A compelling new study from the World Health Organization’s International Agency for Research on Cancer (IARC) is suggesting a simple biomarker in urine may be an effective predictive test for bladder cancer, signaling the disease’s presence up to 10 years before clinical signs appear.
Bladder cancer is a challenging type of cancer to catch in its early stages. The best diagnostic technique currently available is an invasive imaging procedure called cystoscopy. Several urine-based biomarkers are currently under investigation but none have been clinically verified to the point they are widely recommended. And even then, these urine-based tools may only be effective in surveilling active cases and not detecting early instances of the disease.
For several years researchers have known mutations in the telomerase reverse transcriptase (TERT) gene are incredibly common in many cases of bladder cancer. These TERT mutations can be detected in urine samples but until now it hasn’t been clear whether this biomarker is an effective early detection tool.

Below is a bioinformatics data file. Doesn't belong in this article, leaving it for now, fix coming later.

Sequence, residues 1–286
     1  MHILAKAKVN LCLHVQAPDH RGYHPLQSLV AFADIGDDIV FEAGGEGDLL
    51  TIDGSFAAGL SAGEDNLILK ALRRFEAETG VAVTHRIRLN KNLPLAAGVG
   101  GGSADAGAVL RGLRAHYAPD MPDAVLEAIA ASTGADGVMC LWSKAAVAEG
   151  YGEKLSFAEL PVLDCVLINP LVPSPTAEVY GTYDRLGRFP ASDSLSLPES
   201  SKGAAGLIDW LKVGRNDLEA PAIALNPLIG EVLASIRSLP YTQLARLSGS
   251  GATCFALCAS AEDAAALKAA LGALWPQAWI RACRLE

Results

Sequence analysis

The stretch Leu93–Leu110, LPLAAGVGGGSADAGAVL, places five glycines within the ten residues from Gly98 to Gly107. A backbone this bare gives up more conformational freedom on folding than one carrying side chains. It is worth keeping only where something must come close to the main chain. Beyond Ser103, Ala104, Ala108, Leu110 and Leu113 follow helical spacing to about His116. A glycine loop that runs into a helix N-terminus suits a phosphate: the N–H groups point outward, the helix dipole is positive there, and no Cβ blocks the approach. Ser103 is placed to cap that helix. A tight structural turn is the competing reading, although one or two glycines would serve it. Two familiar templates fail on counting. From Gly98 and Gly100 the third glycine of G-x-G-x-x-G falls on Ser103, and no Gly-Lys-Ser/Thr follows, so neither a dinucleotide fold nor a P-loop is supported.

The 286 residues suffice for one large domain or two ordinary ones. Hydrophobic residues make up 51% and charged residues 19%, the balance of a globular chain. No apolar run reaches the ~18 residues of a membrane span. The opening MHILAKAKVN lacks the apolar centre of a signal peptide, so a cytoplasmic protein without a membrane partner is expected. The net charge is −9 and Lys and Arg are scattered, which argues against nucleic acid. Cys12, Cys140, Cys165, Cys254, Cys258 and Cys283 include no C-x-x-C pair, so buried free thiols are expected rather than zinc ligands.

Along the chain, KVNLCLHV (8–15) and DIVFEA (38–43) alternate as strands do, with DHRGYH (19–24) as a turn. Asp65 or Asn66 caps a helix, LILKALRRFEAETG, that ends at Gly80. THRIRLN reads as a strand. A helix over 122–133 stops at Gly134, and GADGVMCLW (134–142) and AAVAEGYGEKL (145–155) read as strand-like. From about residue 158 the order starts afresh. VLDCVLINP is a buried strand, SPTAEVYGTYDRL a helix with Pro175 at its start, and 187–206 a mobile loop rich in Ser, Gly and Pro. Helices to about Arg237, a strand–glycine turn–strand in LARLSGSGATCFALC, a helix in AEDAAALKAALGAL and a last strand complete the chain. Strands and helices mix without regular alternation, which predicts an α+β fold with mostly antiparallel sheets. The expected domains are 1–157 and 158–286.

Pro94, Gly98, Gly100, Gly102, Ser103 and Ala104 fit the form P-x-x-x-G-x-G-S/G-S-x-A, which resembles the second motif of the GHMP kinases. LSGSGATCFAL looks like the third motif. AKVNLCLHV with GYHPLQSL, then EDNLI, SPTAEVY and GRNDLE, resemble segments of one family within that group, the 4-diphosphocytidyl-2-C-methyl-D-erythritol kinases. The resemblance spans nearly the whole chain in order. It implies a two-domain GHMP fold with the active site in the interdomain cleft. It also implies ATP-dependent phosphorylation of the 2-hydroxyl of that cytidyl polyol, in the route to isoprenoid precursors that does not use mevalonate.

To investigate this possibility, the IARC scientists collaborated with a team of Iranian researchers working on a long-term research project called the Golestan Cohort Study. The project began in 2004, recruiting over 50,000 healthy subjects for a long-term health study. A bio-specimen bank of blood, urine, hair and nail samples was created at the beginning of the project, offering researchers a valuable baseline for study.